In this study, about one-third of the participants (30.4%) reported that they had adequate training and 36.3% had the necessary protective measures to deal confidently with such situations. A previous study looking at the SARS outbreak in Canada revealed that perceived adequacy of training and the availability of protective equipment were protective factors against the negative psychological outcome.
We found that about half the physicians surveyed (52.4%) believe that their profession rendered them at higher risk of exposure to the infection. Nonetheless, despite that perceived risk, a third (29.1%) were willing to help patients with COVID-19. Since the study was conducted earlier in the pandemic, half the physicians (48.9%) reported no increase in the workload and 60.3% showed no concerns regarding the stigmatization due to their profession or being quarantined. Furthermore, among physicians who were smokers, the number of cigarettes smoked had not increased during the pandemic. This is quite different from the studies that were conducted among the healthcare providers during the SARS outbreak in Canada, which reported an increase in substance misuse and fears of stigma and avoidance.,
About a quarter of our study population were under mass quarantine (reside in Qatif city) during the time of the study. The mean duration of the quarantine was 19.3 days. As shown in previous studies, the duration of quarantine is a recognizable predictor of psychological consequences. The longer the duration of quarantine the greater the impact. Previous studies have shown that a quarantine for ten days and more is a predictor of negative psychological outcomes,,,, It is noteworthy that the majority of physicians enrolled in our study (86.7%) showed an understanding of the rationale of the quarantine and about two-thirds (73.7%) were compliant to both household and community protective measures, although a significant percentage reported restriction of their daily activity during the quarantine, namely, being isolated from their family. At that time, some physicians residing within Qatif and working outside the quarantined area were asked to leave their spouses and children and live outside Qatif city. Physicians who stayed inside Qatif were not able to visit their parents and siblings (55%), not able to socialize (47.1%), or take part in sports (47.1%). More than a third (38.7%) cited inadequate social support as their major concern. Healthcare providers are considered a vulnerable group and at a greater risk of the negative psychological impact than the general population during outbreaks. This was similar to results of a study that was conducted by Reynolds et al. which evaluated the understanding, compliance and psychological status of patients during the SARS quarantine experience in Canada. Results from that study revealed that inability to socialize was the most reported difficulty. However, despite the reported difficulties, the compliance to all measures was high. In our study, about two-thirds of physicians reported that public health authorities' information regarding the daily briefings, updates regarding the precautions have been taken (quarantine and curfew) and the infection control measures delivered by the Ministry of Health were adequate. Previous studies demonstrated that understanding the rationale of a quarantine and having adequate information delivered to physicians by the healthcare authorities were recognizable factors for increasing the rate of compliance to the quarantine and other infection control measures. Interestingly, one-third of the participants considered social media as a source of anxiety, and thus they tried to avoid it.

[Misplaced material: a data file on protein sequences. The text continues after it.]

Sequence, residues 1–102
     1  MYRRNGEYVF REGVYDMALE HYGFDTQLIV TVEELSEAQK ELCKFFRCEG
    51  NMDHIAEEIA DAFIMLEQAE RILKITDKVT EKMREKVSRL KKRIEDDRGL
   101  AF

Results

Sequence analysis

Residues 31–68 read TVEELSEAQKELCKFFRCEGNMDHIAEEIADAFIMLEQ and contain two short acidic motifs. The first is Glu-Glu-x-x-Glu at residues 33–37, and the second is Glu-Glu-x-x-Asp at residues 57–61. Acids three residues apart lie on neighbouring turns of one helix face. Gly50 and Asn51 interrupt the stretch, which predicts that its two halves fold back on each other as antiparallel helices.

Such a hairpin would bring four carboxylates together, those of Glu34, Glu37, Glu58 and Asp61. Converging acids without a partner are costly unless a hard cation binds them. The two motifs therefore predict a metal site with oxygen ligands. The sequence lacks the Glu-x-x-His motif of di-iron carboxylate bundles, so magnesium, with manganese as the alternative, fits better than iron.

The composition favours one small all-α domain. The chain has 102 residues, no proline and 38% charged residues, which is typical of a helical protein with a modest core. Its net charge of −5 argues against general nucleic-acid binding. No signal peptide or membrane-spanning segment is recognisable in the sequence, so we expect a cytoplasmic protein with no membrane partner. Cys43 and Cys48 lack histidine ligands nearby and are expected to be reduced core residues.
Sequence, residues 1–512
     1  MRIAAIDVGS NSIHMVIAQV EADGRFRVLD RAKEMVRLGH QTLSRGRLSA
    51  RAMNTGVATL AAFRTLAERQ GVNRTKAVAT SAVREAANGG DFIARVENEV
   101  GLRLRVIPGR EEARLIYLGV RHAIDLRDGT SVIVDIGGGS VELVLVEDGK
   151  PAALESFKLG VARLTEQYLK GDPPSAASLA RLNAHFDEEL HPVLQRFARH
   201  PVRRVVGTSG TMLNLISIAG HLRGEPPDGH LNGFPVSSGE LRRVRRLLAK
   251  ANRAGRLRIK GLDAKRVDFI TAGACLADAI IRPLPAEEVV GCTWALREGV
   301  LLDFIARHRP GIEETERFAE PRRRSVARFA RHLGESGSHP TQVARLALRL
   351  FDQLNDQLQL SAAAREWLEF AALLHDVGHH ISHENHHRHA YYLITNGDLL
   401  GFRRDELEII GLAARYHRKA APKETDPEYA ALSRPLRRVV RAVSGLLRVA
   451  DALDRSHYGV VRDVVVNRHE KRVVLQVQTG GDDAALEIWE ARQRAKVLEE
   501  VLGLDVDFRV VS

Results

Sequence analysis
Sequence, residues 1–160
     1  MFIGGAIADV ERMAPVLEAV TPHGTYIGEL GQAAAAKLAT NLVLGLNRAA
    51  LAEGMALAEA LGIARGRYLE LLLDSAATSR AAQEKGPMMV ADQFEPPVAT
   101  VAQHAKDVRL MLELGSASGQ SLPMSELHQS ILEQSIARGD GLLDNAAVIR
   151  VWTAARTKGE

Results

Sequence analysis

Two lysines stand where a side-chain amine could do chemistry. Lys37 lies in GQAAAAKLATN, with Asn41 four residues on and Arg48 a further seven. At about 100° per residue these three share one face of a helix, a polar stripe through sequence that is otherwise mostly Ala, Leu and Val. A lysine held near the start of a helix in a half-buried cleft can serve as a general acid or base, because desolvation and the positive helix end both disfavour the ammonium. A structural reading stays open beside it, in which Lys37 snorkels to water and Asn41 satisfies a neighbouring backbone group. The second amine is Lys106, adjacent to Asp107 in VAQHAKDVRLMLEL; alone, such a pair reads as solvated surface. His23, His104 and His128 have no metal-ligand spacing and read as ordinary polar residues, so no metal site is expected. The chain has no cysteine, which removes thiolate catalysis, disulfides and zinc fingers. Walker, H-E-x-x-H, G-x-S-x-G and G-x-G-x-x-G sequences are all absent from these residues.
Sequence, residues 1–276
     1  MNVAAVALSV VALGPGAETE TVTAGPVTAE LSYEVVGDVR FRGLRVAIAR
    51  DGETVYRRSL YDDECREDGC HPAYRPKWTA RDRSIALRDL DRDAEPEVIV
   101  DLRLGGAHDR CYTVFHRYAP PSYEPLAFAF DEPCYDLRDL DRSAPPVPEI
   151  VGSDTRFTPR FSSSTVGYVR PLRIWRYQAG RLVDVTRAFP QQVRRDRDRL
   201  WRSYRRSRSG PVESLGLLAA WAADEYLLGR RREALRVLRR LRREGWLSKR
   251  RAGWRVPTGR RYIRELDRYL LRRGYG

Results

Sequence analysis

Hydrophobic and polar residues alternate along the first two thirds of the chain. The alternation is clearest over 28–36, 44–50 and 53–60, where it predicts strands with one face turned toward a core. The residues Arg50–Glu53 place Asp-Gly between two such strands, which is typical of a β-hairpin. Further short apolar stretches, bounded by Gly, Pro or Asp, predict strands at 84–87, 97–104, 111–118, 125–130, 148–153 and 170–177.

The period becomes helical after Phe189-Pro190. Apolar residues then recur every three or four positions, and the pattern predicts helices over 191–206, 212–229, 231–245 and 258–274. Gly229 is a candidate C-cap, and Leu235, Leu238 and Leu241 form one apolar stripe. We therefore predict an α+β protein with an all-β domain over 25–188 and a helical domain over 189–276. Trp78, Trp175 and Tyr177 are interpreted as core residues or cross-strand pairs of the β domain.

The World Health Organization's mental health department provided the general population and the healthcare workers with strategies to mitigate the negative psychological impact of the COVID-19 pandemic. For healthcare workers, engaging in regular physical activity, eating healthy food and ensuring sufficient rest are advisable. Further, in order to avoid the feeling of isolation, it is advisable to stay connected with families, friends and colleagues through the available virtual methods. In China, in order to contain the anticipated psychological damage, the national health institutions provided psychological assistance services to the public during the COVID-19 pandemic through the internet, phone services and smart device applications.
Our study has certain limitations: It was cross-sectional in design and the response rate (43%) was relatively low. Our study subjects were approached through social media platforms. Although this method could potentially be criticized due to its selectivity, we felt it was the most appropriate method to get a representative sample of physicians in the quarantined region. On the point of variation in response based on the region where subjects are residing, this would have been an important information to collect. However, our survey did not include this question. The relatively early recruitment during the pandemic may have influenced the feelings reported by physicians. As the number of COVID-19 cases increased over time and the community protective measures became more restrictive, it is expected that the psychological impact may have become more severe. However, the strength of this study comes from an early identification of the magnitude of the negative psychological impact of the pandemic and recognizing the possible risk factors that may help in early identification of the most vulnerable groups. This will allow for timely interventions such as appropriate psychological and social support.
In conclusion, the COVID-19 pandemic had a significant negative psychological impact on physicians in Saudi Arabia. However, further prospective studies are needed to evaluate the long-term psychological consequences.
Financial support and sponsorship
Conflicts of interest
There are no conflicts of interest.
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Dr. Eman Al Sulais
Department of Medicine, Royal Commission Hospital, Jubail - 31961
Source of Support: None, Conflict of Interest: None
[Table 1], [Table 2], [Table 3]